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World Bank Urges More Aid to Africa - 2002-04-10


The Washington based-World Bank, the largest source of development aid for Africa, Wednesday called for rich countries to make good on their promise to boost aid to African countries. Bank officials are optimistic about the recently unveiled New Partnership for African Development (NEPAD).

The World Bank says to reverse the effects of the AIDS epidemic, civil wars and sluggish growth, Africa urgently needs more assistance. Official aid to Africa fell from $17 billion in 1990 to $12 billion last year. Bank Vice President for Africa Callisto Madavo says the NEPAD initiative put together by the presidents of Senegal, South Africa and Nigeria promises aid will be better used than in the past.

"This is the first time that we have had an important initiative being developed and led by Africans," said Mr. Madavo. "So the ownership and leadership is key. But there is another aspect that makes this particular initiative different. Which is that it centers on a key issue in African development, which is the need to improve governance."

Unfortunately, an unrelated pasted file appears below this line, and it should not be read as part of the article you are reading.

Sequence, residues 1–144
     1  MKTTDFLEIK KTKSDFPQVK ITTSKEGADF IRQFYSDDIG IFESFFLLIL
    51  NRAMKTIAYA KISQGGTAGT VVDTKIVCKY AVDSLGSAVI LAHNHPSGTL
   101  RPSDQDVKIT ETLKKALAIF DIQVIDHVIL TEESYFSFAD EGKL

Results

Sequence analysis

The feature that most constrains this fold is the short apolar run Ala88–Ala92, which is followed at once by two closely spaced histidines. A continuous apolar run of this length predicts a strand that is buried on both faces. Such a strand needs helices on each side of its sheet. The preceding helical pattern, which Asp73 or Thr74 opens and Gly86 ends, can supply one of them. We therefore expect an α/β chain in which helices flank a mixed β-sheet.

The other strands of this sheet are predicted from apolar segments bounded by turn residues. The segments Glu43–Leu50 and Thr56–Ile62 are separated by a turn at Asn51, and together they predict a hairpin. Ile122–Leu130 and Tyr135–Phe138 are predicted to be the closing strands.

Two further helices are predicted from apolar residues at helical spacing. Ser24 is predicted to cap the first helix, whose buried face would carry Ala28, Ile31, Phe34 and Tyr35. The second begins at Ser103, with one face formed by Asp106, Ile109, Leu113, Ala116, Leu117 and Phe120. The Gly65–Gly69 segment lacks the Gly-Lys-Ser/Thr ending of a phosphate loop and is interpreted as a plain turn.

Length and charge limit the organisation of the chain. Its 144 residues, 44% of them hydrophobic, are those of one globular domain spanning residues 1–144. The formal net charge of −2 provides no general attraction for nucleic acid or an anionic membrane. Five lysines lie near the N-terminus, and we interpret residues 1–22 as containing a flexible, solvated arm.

The United States last month promised to boost its aid to African countries that successfully restructure their economies and boost economic performance. Mr. Madavo calls the U.S. move significant and positive.

Alan Gelb, the bank's chief economist for Africa, says debt relief undertaken by the rich countries since 1998 is saving African countries $1 billion a year. Those savings, he says, are being well used, with "about 80 percent of the savings earmarked for identifiable poverty-related expenditures, whether on health, education, rural infrastructure, those kinds of areas."

Twenty-four African countries have had their foreign debts reduced by $26 billion.

Mr. Madavo says the World Bank is rightly insisting that debt relief be linked to effective poverty reduction programs. "We want quality poverty strategies," he said. "We want strategies that are really going to direct these resources to produce the kind of results that we are looking for. So in a certain sense it is self-paced in terms of the capacity of these countries to move forward."

Africa will again feature prominently at this year's summit of the Group of Eight industrial countries. The presidents of South Africa, Nigeria and Senegal will be attending the June 26 meeting in Canada where the Partnership for Africa program will be a main agenda item.

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